Free TV Australia’s family-unfriendly Code starts 1 Dec 2015
Free TV (the association of commercial TV stations of Australia) reviewed its Code of Practice in 2015. This revised Code has been registered by the Australian Communications and Media Authority (ACMA) and commences on Dec 1 2015.
Read the new code
The ACMA has satisfied itself that the new Code contains adequate community safeguards.
Read what the ACMA says about this
Read more about the background to this issue
What happens next
Free TV Australia is to conduct a public education campaign about the changes over the next 12 months. The ACMA says:
Free TV will be conducting a 12-month education campaign to inform viewers of changes to the code and methods of managing viewing by them and their children (accompanied by information on the Free TV website). Viewers will also be able to take advantage of the wide availability of the now-familiar parental lock facility on the overwhelming majority of digital televisions and set-top devices
What you need to watch out for:
- All G time zones have been replaced by PG time zones
- The M time zone has been expanded and now starts at 7.30pm
- The MA15+ time zone has been moved forward to 8.30pm (from 9m)
- The AV time zone has been combined with the MA15+ zone and can screen from 8.30pm (formerly 9.30pm)
- Alcohol ads can be shown at any time in live sporting events and “sports programs” screened on weekends (6pm Fri to midnight Sun) and on public holidays. They can also be shown after 8.30pm in any program on any day.
- Betting ads can be shown in news, current affairs and sports programs. They can also be shown in any PG classified program, and in any program shown after 7pm (but not before 8.30pm if the program is principally directed to children).
- Program promotions and trailers for higher classified programs and movies than what you’ve chosen, continue.
What is supposed to help?
Note that many of these protections only apply in programs “principally directed to children”.
- No alcohol advertisements in the evening before 8.30 pm (unless as an accompaniment to a sports program on a weekend or public holiday)
- A ban on gambling advertisements in any program classified G, C or P between 6.00 am and 8.30 am and between 4.00 pm and 7.00 pm (as well as during any program broadcast between 5.00 am and 8.30 pm which is principally directed to children)
- Prominent and legible consumer advice at the start of all films classified PG or above, all programs classified M which commence between 7.30 pm and 8.30 pm and any program classified MA15+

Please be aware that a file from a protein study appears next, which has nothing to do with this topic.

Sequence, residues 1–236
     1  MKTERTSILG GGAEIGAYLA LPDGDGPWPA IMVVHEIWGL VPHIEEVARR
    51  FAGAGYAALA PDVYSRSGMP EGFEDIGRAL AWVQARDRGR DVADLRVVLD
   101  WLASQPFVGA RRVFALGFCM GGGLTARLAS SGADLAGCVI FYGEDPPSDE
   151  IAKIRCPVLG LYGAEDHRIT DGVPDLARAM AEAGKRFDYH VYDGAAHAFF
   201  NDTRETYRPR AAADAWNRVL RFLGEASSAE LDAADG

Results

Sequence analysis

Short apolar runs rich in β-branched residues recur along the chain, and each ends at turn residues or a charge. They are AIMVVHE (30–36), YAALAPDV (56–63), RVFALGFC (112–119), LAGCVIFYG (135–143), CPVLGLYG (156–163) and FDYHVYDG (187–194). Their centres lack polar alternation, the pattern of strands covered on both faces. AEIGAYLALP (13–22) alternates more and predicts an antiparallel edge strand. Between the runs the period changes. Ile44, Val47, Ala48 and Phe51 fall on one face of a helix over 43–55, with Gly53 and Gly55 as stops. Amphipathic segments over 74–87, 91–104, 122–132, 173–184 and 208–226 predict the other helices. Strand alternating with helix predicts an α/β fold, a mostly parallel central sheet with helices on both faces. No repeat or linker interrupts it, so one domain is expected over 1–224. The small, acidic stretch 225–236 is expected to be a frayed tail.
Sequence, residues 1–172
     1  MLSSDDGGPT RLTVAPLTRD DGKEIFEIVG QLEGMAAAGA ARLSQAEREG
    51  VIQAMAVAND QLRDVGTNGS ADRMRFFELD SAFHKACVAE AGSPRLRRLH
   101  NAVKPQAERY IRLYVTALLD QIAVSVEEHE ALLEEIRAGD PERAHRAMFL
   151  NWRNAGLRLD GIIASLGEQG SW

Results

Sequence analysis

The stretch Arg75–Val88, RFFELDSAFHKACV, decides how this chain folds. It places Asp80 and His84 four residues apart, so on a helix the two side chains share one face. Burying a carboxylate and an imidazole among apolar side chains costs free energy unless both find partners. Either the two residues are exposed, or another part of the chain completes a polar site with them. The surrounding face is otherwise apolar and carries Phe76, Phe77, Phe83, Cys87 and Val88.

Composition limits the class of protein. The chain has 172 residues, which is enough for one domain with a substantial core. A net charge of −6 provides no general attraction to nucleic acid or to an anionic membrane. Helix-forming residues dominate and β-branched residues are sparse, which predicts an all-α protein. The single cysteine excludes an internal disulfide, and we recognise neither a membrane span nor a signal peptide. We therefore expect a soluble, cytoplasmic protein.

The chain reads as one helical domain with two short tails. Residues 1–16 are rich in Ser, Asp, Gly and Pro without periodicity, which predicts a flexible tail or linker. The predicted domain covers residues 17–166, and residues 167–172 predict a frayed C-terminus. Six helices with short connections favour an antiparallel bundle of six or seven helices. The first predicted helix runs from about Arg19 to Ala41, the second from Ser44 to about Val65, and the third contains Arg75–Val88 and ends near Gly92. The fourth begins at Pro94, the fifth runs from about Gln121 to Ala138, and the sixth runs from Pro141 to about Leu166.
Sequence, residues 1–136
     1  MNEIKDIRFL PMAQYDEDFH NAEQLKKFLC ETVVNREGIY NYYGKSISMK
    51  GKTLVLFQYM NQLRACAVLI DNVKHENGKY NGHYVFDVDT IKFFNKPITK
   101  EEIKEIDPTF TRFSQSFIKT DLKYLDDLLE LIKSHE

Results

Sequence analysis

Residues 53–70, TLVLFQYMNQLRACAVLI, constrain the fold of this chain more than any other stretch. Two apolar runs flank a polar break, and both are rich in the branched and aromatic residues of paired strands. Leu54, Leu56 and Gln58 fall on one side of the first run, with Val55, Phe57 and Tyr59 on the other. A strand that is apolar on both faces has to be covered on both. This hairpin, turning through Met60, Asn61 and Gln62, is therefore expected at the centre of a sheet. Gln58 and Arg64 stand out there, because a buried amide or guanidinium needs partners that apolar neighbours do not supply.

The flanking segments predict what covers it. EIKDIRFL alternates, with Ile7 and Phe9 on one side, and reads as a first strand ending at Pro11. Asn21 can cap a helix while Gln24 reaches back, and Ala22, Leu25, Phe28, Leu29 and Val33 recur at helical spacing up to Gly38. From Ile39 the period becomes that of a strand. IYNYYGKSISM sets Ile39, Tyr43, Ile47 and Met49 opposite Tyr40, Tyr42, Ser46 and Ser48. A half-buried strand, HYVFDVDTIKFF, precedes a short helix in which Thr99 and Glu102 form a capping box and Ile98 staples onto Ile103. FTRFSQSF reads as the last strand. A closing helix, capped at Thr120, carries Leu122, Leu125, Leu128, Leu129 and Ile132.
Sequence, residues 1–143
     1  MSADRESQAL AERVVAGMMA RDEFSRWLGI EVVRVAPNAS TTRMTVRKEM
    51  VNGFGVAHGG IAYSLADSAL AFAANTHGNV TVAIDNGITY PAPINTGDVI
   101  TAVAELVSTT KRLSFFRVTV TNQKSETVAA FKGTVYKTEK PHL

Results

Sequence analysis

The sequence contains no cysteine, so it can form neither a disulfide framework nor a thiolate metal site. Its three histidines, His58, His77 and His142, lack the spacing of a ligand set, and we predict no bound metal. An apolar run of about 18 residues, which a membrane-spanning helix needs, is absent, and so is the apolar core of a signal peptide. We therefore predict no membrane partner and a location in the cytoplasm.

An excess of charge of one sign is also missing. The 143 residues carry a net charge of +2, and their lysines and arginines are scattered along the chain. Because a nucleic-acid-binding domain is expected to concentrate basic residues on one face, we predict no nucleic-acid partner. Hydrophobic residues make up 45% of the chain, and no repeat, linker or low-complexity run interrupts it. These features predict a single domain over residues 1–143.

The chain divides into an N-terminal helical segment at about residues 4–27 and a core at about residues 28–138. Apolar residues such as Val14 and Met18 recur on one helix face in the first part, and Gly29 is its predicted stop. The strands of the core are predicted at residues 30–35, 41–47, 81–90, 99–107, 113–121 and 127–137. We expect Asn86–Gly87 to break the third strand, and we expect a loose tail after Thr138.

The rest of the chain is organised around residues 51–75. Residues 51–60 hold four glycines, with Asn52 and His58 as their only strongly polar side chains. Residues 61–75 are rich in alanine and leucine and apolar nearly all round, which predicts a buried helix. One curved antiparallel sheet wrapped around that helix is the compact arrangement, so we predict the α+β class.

- Clear display of classification symbols at the start of and after breaks in programs, as well as in program promotions
- A requirement that all advertising and program promotions broadcast between 7.30 and 8.30 pm during a sports program or programs classified G or PG be classified no higher than PG
- A ban between 5.00 am and 8.30 pm on the promotion of a program classified M or MA15+ during any G classified program, which is principally directed to children (except for ‘up next’ pointers to the following program)
What you can do
- Choose your programs for family viewing with extra care
- Watch out for unsuitable program promos or movie trailers
- Be vigilant with live sporting coverage
- Let us know and complain to the networks if you think the community safeguards are not working for you and your family. Also contact your local federal politician
1. The ACMA’s Contemporary community safeguards inquiry was conducted in June 2013. This asked whether broadcasting regulation was keeping up with societal changes.
Free TV Australia in their issues paper said:
- time zones are no longer a relevant or practical way of limiting children’s access to unsuitable content.
- greater access to content via digital channels and time shifting contributed to this lack of relevance
- they agreed with the ACMA that time zones are “under strain” as a regulatory tool.
ACCM in their paper said:
- there is a valid connection between protection of children and time zone interventions.
- parents have long relied on TV programs shown at certain times of the day being safe for children.
- many families still view television programs together in the early evening, and
- assume programs will be suitable for families with children at this time of night.
- time zones have an educative value about what’s age-appropriate viewing
2. Community surveys in 2013 showed continuing support for time zones
ACMA Survey 2013 (see pages 44, 47, 48) showed 75 % strongly agreed and a further 15% agreed that time zones were useful
3. The ACMA’s 2014 report on its Contemporary Community Safeguards Inquiry
ACMA discussed how protection of children might best be achieved (p71-) noting:
- shared responsibility by broadcasters and parent, but some lack of clarity about the relative ‘shares’ of responsibility.
- a combination of the classification of audiovisual material, meaningful and consistent consumer advice tools that enable parents and carers of children to make informed decisions about content.
- some of the tools and mechanisms currently provided by television broadcasters are under strain.
- nonetheless, parents rely on these tools, including time zone restrictions.
- evidence about content consumption behaviours demonstrates that families continue to enjoy watching live television content, with an increasing amount of catch-up television.
- there is conspicuous community support for maintenance of some time zone restrictions on free-to-air television but
- well - reasoned arguments about their diminishing value.
- any contemplated reduction of time zone restrictions might best be staged, taking into account children’s viewing habits, the availability and acceptance of other viewing management tools and the provision of educational programs for parents and carers.
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